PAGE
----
The Tipton Daily Tribune from Tipton, Indiana on March 25, 1930 · Page 8
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The Tipton Daily Tribune from Tipton, Indiana · Page 8

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Tipton, Indiana
Issue Date:
Tuesday, March 25, 1930
Page:
Page 8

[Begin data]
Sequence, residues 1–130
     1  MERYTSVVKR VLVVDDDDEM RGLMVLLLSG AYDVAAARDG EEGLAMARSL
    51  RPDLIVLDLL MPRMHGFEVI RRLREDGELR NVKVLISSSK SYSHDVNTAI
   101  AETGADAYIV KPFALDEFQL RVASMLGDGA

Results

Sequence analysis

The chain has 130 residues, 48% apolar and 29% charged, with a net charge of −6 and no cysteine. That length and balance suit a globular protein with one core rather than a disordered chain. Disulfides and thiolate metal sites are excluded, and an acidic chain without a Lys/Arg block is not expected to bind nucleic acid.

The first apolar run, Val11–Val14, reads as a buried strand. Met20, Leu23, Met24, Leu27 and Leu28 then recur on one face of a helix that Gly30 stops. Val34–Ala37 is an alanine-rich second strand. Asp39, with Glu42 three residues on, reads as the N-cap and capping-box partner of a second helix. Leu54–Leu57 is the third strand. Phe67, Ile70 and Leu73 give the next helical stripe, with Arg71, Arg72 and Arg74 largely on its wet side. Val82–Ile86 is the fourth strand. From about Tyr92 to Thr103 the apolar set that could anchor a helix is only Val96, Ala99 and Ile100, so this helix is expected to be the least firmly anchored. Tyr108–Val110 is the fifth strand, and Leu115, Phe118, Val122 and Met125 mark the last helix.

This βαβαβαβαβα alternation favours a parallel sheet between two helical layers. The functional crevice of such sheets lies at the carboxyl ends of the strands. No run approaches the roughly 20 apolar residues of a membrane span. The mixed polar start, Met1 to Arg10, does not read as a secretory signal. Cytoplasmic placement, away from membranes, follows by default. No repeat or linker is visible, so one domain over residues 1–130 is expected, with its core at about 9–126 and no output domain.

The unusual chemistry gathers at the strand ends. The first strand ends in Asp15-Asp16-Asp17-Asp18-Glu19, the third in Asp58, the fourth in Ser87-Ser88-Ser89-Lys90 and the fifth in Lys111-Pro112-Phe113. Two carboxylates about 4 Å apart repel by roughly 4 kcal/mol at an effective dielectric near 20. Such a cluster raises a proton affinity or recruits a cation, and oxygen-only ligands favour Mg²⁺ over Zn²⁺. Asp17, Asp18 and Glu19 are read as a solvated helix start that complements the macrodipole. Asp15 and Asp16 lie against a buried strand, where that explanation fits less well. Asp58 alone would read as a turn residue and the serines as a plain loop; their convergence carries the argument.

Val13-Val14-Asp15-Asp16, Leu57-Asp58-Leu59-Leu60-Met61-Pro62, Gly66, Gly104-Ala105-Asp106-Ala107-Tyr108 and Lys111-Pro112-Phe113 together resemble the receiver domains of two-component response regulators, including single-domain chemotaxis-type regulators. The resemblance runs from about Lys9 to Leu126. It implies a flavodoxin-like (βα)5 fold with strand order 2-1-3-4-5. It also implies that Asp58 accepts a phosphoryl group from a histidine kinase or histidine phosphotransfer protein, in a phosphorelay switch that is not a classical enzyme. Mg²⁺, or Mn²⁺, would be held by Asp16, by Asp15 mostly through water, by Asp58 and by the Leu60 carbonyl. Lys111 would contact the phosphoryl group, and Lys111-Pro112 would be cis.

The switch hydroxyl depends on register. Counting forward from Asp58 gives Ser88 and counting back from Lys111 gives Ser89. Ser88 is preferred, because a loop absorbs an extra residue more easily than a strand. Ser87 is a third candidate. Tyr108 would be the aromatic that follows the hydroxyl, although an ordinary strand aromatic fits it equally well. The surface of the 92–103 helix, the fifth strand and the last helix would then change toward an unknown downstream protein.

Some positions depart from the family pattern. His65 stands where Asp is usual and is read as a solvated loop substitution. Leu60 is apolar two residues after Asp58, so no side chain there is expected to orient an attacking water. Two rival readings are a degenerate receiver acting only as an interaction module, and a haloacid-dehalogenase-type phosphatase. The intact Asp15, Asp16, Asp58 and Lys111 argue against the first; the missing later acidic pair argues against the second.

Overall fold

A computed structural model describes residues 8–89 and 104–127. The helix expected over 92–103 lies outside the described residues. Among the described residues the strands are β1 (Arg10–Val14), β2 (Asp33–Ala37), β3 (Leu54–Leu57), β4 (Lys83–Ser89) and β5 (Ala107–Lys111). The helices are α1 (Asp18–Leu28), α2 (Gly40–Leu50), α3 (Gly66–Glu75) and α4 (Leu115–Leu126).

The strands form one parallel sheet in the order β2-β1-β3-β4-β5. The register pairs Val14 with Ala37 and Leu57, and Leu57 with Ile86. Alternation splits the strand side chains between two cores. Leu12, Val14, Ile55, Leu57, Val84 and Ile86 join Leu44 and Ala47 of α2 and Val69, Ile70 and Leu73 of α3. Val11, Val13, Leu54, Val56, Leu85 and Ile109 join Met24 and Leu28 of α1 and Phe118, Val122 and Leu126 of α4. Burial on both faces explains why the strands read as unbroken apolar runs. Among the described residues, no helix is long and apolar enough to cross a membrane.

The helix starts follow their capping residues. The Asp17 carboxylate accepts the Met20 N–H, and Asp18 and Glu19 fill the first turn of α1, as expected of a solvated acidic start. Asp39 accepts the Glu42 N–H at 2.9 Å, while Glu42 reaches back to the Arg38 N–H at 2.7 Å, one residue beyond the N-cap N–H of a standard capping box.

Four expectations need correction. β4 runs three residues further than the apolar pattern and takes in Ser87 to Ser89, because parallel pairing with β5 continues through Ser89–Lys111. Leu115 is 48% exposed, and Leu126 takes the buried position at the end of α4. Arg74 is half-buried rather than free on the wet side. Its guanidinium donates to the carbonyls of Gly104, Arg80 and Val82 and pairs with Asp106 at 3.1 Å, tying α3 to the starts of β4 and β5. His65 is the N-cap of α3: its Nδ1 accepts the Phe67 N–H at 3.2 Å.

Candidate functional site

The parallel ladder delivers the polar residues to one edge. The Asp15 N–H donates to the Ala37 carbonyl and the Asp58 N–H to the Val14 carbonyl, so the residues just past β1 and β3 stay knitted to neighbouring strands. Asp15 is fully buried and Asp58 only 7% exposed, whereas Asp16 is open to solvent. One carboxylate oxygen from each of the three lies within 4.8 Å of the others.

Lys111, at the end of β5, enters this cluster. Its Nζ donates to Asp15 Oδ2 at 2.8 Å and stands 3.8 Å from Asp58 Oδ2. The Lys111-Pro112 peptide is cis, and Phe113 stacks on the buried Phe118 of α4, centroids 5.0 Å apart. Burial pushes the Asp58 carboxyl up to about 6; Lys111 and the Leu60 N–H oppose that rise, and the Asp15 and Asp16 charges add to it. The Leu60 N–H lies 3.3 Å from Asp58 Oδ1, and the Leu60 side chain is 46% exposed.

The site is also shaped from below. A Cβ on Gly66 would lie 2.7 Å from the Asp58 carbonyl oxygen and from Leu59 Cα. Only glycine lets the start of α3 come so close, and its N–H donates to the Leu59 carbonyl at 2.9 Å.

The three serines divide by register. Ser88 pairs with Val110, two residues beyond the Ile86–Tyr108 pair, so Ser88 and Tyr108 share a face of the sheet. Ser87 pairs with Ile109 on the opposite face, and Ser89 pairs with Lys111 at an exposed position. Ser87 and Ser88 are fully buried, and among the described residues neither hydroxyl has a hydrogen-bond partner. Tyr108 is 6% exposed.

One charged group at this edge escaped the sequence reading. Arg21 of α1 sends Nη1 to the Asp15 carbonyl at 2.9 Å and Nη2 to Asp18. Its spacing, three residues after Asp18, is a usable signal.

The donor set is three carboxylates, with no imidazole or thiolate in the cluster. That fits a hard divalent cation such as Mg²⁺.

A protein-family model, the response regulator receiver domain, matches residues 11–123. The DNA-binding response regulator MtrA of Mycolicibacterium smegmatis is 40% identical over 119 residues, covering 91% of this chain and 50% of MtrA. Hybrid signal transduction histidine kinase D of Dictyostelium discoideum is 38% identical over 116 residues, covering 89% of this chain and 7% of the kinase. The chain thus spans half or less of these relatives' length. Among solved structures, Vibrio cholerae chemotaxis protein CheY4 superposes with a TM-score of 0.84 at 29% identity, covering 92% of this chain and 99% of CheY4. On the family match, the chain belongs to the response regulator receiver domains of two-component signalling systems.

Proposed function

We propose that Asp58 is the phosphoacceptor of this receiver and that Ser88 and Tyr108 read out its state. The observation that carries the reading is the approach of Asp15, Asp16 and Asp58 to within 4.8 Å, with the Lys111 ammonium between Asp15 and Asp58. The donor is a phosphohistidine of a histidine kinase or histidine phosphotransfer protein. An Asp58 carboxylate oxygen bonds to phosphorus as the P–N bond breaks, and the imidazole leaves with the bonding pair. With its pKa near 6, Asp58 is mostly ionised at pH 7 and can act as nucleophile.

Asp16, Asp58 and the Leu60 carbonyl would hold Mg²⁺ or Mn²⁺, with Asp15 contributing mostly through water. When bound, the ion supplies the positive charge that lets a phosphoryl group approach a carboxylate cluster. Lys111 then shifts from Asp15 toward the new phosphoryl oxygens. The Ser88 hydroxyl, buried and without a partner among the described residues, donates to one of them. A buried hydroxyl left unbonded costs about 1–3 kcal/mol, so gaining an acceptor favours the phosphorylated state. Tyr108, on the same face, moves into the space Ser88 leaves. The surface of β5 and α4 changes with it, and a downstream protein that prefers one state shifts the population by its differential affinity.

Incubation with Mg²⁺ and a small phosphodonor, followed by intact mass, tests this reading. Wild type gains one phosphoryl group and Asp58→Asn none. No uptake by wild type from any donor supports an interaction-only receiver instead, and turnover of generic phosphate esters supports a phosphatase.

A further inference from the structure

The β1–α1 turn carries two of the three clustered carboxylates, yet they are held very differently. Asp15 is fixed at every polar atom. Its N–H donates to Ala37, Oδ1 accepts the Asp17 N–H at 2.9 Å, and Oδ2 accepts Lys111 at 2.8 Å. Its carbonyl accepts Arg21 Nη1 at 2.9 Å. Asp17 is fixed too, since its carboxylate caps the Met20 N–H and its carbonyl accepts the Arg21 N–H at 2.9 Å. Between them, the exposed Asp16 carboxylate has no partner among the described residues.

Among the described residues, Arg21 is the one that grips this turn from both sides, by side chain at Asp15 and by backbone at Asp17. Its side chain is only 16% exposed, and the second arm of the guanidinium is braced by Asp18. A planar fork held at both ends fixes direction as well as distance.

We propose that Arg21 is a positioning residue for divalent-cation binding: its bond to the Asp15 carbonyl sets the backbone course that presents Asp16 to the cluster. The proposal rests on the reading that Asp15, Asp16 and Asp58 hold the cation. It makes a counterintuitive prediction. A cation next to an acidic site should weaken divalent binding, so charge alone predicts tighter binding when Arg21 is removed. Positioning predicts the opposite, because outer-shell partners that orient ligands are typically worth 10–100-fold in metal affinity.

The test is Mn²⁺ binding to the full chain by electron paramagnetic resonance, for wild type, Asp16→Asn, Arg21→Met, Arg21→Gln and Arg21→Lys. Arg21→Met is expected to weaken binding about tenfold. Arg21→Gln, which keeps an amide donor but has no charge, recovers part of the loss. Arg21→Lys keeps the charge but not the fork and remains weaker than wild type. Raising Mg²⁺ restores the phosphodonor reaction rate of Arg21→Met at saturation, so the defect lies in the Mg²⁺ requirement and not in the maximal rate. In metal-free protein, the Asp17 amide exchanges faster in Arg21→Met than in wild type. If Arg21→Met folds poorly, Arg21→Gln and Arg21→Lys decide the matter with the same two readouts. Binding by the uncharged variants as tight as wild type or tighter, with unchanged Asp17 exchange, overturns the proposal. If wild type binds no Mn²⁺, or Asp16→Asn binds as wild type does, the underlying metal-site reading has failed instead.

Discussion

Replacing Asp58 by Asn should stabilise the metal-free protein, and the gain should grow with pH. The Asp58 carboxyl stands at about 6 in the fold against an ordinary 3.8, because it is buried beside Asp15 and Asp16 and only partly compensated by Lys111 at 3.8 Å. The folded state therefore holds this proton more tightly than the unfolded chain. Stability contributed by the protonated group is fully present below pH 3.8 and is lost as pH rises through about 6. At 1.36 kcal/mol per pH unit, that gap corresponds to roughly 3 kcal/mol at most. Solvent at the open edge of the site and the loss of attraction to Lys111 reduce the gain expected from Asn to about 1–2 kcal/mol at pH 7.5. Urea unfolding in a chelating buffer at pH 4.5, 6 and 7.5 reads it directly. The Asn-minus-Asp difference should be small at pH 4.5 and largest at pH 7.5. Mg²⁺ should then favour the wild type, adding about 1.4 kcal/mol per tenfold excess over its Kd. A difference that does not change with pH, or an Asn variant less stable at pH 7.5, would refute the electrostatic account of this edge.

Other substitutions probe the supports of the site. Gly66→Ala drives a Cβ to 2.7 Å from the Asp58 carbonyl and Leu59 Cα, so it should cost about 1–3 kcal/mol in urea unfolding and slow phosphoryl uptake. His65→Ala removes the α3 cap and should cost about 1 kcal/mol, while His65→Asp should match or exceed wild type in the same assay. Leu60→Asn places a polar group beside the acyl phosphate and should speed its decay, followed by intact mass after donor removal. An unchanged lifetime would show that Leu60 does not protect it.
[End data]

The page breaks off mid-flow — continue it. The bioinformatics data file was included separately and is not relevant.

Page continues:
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OVER 3CEAN IS TWO GEORGE WIL1 iKINS.. Ow m*fl #or Prwlnrt Commit' (eeniM Nd One for and Passenger Line Over Ailant c With Use of Zeppelin. CONTRACT IS SIGNED George M. - Wilkins . residing southeast of Tipton was a caller at the Tribune office Monday and stated an error had been made in reporting the filing of Madison I township Republicans several days ag%. The Tribune stated "George. W. Wilkins" had filed for assessor and also for precinct committeeman. What happened was George W. Wilkins, did file for precinct committeeman but it was his nephew George.M. Wilkins who filed for assessor of Madison township. The men have the same I name excepting the^ middle initial Project Is Backed by Big Companies la TJ. S- and in Europe. ARE SENTENCED AT NOBLESVILLE New York, March 25.—Charles E. Mitchell, chairman of the National City Con'tpany, and Dr. Hugo Eckener, commander of the Graf Zeppelin, past night announced the sitrjiing of contracts With prominent financial and aircraft interests in t,ie United States and Europe for tie establishment of a lighter-thari-air mail and service passengers line across the Atlantic. . 1 The contracts frere signed by the International [Zeppelin Trans- j port Company, farmed late lastj year in Delaware, and by the fol-j Ralp]l wilson of tnis city and lowing other concerns: i Ross Leak and L(jujg Kennedy of The National <>ity Company; , Elwood were gjven a fine flf the Goodyear Zeppelin Company; i an(J ^ sentence-of 30 Luftschiffou Zeppelin (the Ger-: man. Zeppelin company)'; the Carbide and j Chemicals Company, a subsidiary' of the!; Union Carbide Ralph Wilson and Two Elwood Men Found Guilty on Liquor Charges. HAD AUTO ACCIDDENT BY SENATE : ->.?r. \ ^rs^^r^ri.... Prominent Cl^*^ ISweton* j ~ and Woman |ip-<WeMMU • Vienna, -March 25. r—• Doctor Ernest Watzel, prominent chemr. -1st and inventor of Cleveland, who disappeared near -Pottstown,: Ta.. on November .1, 1929, was {-found dead yesterday afternoon ! in his hotel room here. Josefa ]KropeJ, also of Cleveland, was Measure to Joint Conference | d,8CO Y ered 4ead with him. The au- for Adjustment After Vote of 53 tb 31. HAS MANY CHANGES j thorities said v it, was a case of • double suicide -and believed that : financial difficulties were the rea- i son.. v ••*!.. . They were both shot i dead. According to the police. Dr. Watzel left a number of letters 1 addressed to people of. various i countries. < They said he: was met in Europe by Josefa Kropej, and Men>and Women Who Will Gather Facts'for Government in County. WILL START ON APRIL 1 W. A. Irwin and Mr. Spencer of Frankfort, who have charge- of the Ninth district census, au- Several Who Voted for Bill ; the couple had come to Vienna Ithprized by an act of Congress', Are Opposed to Many of Its Revisions. j together. i days each in Circuit Court at No^ i blesville Monday by special judge j Tom Kane, after they had en| tered pleas of guilty, to intoxication, driving a car while intoxi- j cated and unlawful possession of , liquor. The three men were arrested ; in the community south of Aro• ma Sunday evening after their | machine had collided with - one- driven by Lee Myerly, well known farmer of that vicinity. Myerly ; was leaving the road to turn into • his home and the car containing Famous Athlete ijsies Suddenly of \ the thre ^ men crashed into him. Heart Attack. (Luckily no one was injured but J-; • 'both..care were damaged. 1 Sheriff Tom Ramsey and Dep- Company;, the i Tiinited Aircraft j Corporation, the [largest aircraft, j combine in the' country, and the! Aluminum, Company of America, j The announcement was inter-' preted as clearing; away all doubt j that plans for transatlantic air-i ship service, discussed for some; time, would be pushed forward, j KCKERSAIiL DEAD. uty Sheriff Blanchard of Hamil- called to the Chicago, March 24". — Walter Eckersall, one oi football 's im-j mortals, is dead. Death, caused i ton county were by a heart attacji, overtook the scene . and P laced the three men once famous streiik of the grid-! under arrest they pending Sun- iron suddenly and'lunexpectedly at| da y "to" *» the Noblesville jail. 2:30" p. m. yesterday in his room at the Chicago Athletic Association, where he h-iid been bedrid- lien only a few di.ys. He was 46 years old. . * 'Eckersall had feen in failing health the past year -but not even bis most intimate;friends realized 'the end was so'iiear. -Laajt fall, be Jeopardized ni£ health; by leaving bis^ ajcjc fbedj|and -.continuing tt* duties' as foottfall referee and sports 'writer, for The Chicago Tribune, for whit h he also became famous. Ke never seemed to regain his old-id rue spark after The deatii of his mother fail broke hps heart and' his will to live was biirdly that of the 14S-pound foothill - player who •sed tb blast thiough ponderous lines way back iii 1903-4-5-6.' Mr. and Mrs. Sanborn were -visitors Monday relatives. Kverett BUnch«of "ip^tftn business itnd' visited with The car was seached and a quantity of mule whisky found. - Special Judge T. E. Kane, in passing sentence on the three men gave them a severe talk on the dangerous practice of 1 operating an automobile while intoxicated and endangering not only their own lives but that of others. Wilson was sentenced for having liquor, unlawfully in his possession; Leak for driving a car while intoxicated and Kennedy for plain intoxication, and all three will have, to serve the sentence. Unless the fine and costs are paid they will also have to spend about 132 days at the farm. Wilson is married and resides in Tipton, has a wife and small children. He has never been in trouble of this kind -before and the news of his arrest.and sentence will greatly surprise his acquaintances. K. of P. Tonight. Regular meeting of the K. of P. lodge thiB evening at 7:30 at the K. of P. hall. Members all urged--tolbe present. Washington, March 25.—The Hawley-Smoot tariff bill was passed by the senate late yester-. day by a vote / of fifty-three to thirty-one and now goes to conference with the house for adjustment of -hundreds of differences between the Two congressional branches. The measure,: as it won .the senate's final approval after an eleventh hour arraignment from a half dozen Democrats-and Republican independents, carried a j total of 1,253 amendments to the! house text approved at the other end of the capital'.last May 28, It j has been before the senate since September 4. A • general revision upward of farm duties,'including that on sugar, and scores of increases and reductions in the industrial rate groups, were provided in the j complex document.; It received the support on the final roll call of forty-Six, Republicans and •seven. Democrats. . Twenty-six Democrats and five Republican)! voted against it. House leaders announced shortly after the vote which ended at 4:50 p. m. that the bill would not be brought up in that branch for routine procedure of sending it to conference unti^ next Monday., This respite, they said, was to allow the .435 house members to study the completely rewritten bill. The export debenture plan ol assisting the farmer and.the Simmons-Norris substitute for the existing flexible tariff are expected to iprove the biggest stumbling blocks to [an agreement in conference on the widely varying measures. ' Both were placed in the-bill by the coalition of Democrats and Republicans over, the expressed opposition of -President Hoover. ' 'Senator Borah of Idaho, a leader of the independents, explained that hie vote for the bill in its present form was not to be taken as an indication of what he would do when the conference report is put to a vote. Senator Lafollette' of Wisconsin, another independent leader, assailed the measure as the "worst tariff bill in the nation's history" and as one that "should be known as Grundy's billion dollar tariff bill." Senator Walsh, Democrat, Massachusetts, asserted the bill was "full of impediments to industry," and "it President Hoover listens to the voice ..of industry he will veto it." ' the deaths had been communicated to the American authorities but refused to; make further statements. /I FROM WINDOW Indianapolis Woman Tried to Kill Herself in Kokomo Hotel, i AFTER DRINKING' ORGY The Tribune was: misinformed yesterday regarding the birth of itwins at the home of Mr. and Kokomo, March 25.—A leap in j the dark early Monday | morning | failed to end the lite of Jwaun- eatta Knomas Bosdyk ', former "Bobbed Hair/Bandit" of Indianapolis, who with, two; broken, legs Monday noon was taken back to her home town where! she is said to .have a police record, and also a record for' suicide attempts, j ! It was learned that she was convicted in .1924 of a filling station robbery -and -sensed ninety days in the woman's prisno and in 1928 shot herself in a telephone booth 1 . She later claimed that one of her suicide attempts was an accident.' '* Somersaulting -from, the window in the room of Abdul Kaahn, handsome^ Hindoo "seer," the young woman ended an alcoholic orgy andwas taken to the Howard- county hospital, where it was found that both; legs were broken at the thigh and that she had suffered a severe scalp [wound. Heroically - withstanding ' the pain, the young woman I demanded a cigarette and added "and if anybody will produce a drink* IM1 tell the whole story/' However, when quizzed -by police officers, she told but little concerning . the circumstances and police and newspapermen were forced to piece together : a number of facts and certain circumstantial evidence which led to the conclusion that the .-young . woman, when drinking, becomes ob- essed of a suicidal mania and that this was but- one of many attempts. I to lie taken starting April ^lst, : final instructions and announced the list of persons who j.'will do; the work in this county. Dudley Fielding, who is assisting in the work in this bounty, has already mailed a farm schedule" to every farmer of the county, and it is asked that those receiving the blanks fill in all questions and have them ready for the census takers when they call. It is stressed that all information given the census faker is strictly confidential and so held by the government. The blanks are' plainly made out and any persons can readily fill in the information asked -by the government.'By having the blanks ready when the enumerator calk the work will he speeded as the. enumerators in the rural districts have hut four weeks time allotted them and those in towns but two weeks. Have the-schedule filled in and ready when the enumerator calls. The schedules ask for information on the size, -ownership- and' production of crops and stock, condition of the farm, amount of -indebtedness and amount of taxes paid. They also ask for information on amount of poultry, fruit and other side lines of the farm> A The ^enumerators and their territory, are as follows: Tlptpn—^Ward one, Mrs. Lena Pyke; ward 2, Mrs. Ruth Leatli- erman) Morris; ward 3, Myrtle E. Robertson of North 'West street. •' Cicero -township—Mrs. Grace OHobbs) Richardson, wife of Bi* Shop Richardson and Mrs. Mattie S. Crawford, wife of Charles Crawford. Kempton—Prank Gossard. Jefferson Township-—David M. Wheatley.' Snirpsville^-Cbarles Wilson, of Sharpsville. Liberty township — Hubert L, Henderson, former teacher in the Ross school Madison, township;—John Alley and Leroy Henderson Prairie township — R o s c o e Stoops, Windfall — Wilma L. Dunn, daughter of Postmaster Fred Dunn of that place. Wildcat township —Guy Crouch, residing southeast of Windfall. The enumerators are all ready to start next Tuesday and persons are asked to have their schedules properly filled out for them whea they call Three Republican candidates filed their declarations with the' county! clerk Monday afternoon',! they seeking places on the Wild- ' cat township ticket. • ' I They are Byron .Legg, Clyde V. j Coffin and Dr. C. W. Conkling,! 'who wish to be nominated • as i members of the-advispry 1 board of that township. , All are well known residents ; of the Windfall community. I WEATHER —Snow probable to-1 night, Wednesday; slightly' colder j tonight in south and i extreme i southeast'Wednesday. j j Sales Made at S10..15 to $10.7' Cattle Trend Higher. TO FACE COURT SAIURDAY. Attorney Holt aad-Forcaar ffljer- if( of Howard to Matoe Fleas. Word thatiJadse was received Monday Baitaall, tained the daapraer touthe sec ond, count- in 1 * ^gte(l«»l' indict- W -retVrned 4s^:>ttoniay Mr. and Mrs. G. W. Bowser, Hersey Bowser -and sons, .Keith, George, William and Kenneth Bowser of Arcadia were the 9un day. afternoon guests of - Mrs. Pear Carson and family west of AtlanU. ' KindlyNotioe Our WtodowCDiiplay. After Winter's Colds Don't NeglectYourKidney*. G OLDS and ^hab are hard on the kidneys.-A constant backache, with-kidney irragularitic*, and an achy, worn-out feeling all too often of disorder. Don't take a! Help your kidneys with Dean's Pilh. Endorsed the world over. Said by deslsn everywhere. 5t ,lie Users Endtrse Dam's: LJ.lMt.TUCnm twi .... .JT." A DO YOU KNOW THE OFFICERS OF TfflS BANK If you do not, w« would greatly appreciate a call from you. We want to know you better and we want you to know us better. We feel sure, if you knew the friendly atmosphere of this bank, you would be glad to keep your account with us. Won't you. come in and get acquainted? • FannenLoao&TlriislCo. THE BAHm OF THB ImWU A Voluntary Member of the Federal Reserve System Only Bank bi Ttptoa Coaaty Under Both For Advisory Board. B EFORE yen buy Furniture, Rugs, Stoves, Linoleum and other home furnishings, get our prices and terms WE APPRECIATE YOUR TRADE Suite & terrain PHILCO — RADIOS -/ ATWATER KENT FOUR THOUSAND HOGS. Indianapolis, Ind., March 25;^—•; Receipts on hogs, 4,000; cattle,' 1,500; calves, 700; sheep, 300. j • Hog prices early today at the' local live stock market were 10c lower with weights of 160 to 250 pounds at $10.35 to $10.70; the heavier kinds sold Tip to 10.20, underweights at J10.50 down, and sows at $9.25 down. | Cattle were : tending { higher, calves were steady - ati $13.50' down, and sheep,' and lambs were unchanged. * Chicago, 111., March 25. —- Receipts on hogs, 17,000;? carried over, 8,00.0 ;Jfhe market was about steady with the top price $10.60; there were 5,500 cattle land 16,000 sheep. ' j Local Proacue Market. (Moore & Moore) Butter — ._ '. i 35c Eggs —__; I _—23c Idteii Grain Blarket. (Hobbs Grain Co.) No. 2 Soft Wheat _^ ^^_$ .98 Oats —: — -3C New Corn, No. 4 yellow, per 100 lbs. — .85 Indianapolis Produce Market. Eggs—'Indianapolis Jobbers offer - country- shippers for strictly fresh stock. delivered at Indiana- polls, loss off, 23c a dozen. . Poultry — Jobbers paying for fowls, 4% pounds up, 23c; Leghorns, 21c; 1929 springers, less than 4% pounds, 21c; Leghorns, 17c; old roasters, 16c; 1 docks, c; geese, .full feathered, 9c; guineas, young, $6 doseu; old, f 4; turkey hens, young, 30c; old,"22c; toms, young. 30c; old, 22c; squabs, 11 lbs. "to dosen,- $4.51>; old pigeons. 70c a doxen. : Butter-4lobberii' selling prices tor creamery butter, fresh firsts. No.'. 1, 44-45c',a pound. Butter Tat —Indianapolis borers are paying 40c a pound detiv- ered at Indianapolis. Our First Mortgage Bonds and Other Sound Investments Appeal to Women Investors Citizens National Bart The Only National Bank in Tipton County / THOR and EASY Wifr8«viiig Service Cheerful ROOTS The carefully combined colors in our new designs of linoleum will bring new beauty to old floors and add a smart effect to new ones. We sell only the first grade "Accolac Fro-' cess'' Linoleum with the smooth, easily cleaned surface and lasting satisfaction. Let Us Show You the Many New Designs in Rugs sal